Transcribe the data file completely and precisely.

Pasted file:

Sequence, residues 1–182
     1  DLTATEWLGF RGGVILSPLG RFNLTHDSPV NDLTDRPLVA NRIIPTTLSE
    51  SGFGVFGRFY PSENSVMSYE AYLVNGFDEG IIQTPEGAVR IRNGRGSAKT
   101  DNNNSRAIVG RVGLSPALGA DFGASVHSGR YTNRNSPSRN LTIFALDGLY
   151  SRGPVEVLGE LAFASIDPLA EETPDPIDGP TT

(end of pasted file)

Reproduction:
Sequence, residues 1–182
     1  DLTATEWLGF RGGVILSPLG RFNLTHDSPV NDLTDRPLVA NRIIPTTLSE
    51  SGFGVFGRFY PSENSVMSYE AYLVNGFDEG IIQTPEGAVR IRNGRGSAKT
   101  DNNNSRAIVG RVGLSPALGA DFGASVHSGR YTNRNSPSRN LTIFALDGLY
   151  SRGPVEVLGE LAFASIDPLA EETPDPIDGP TT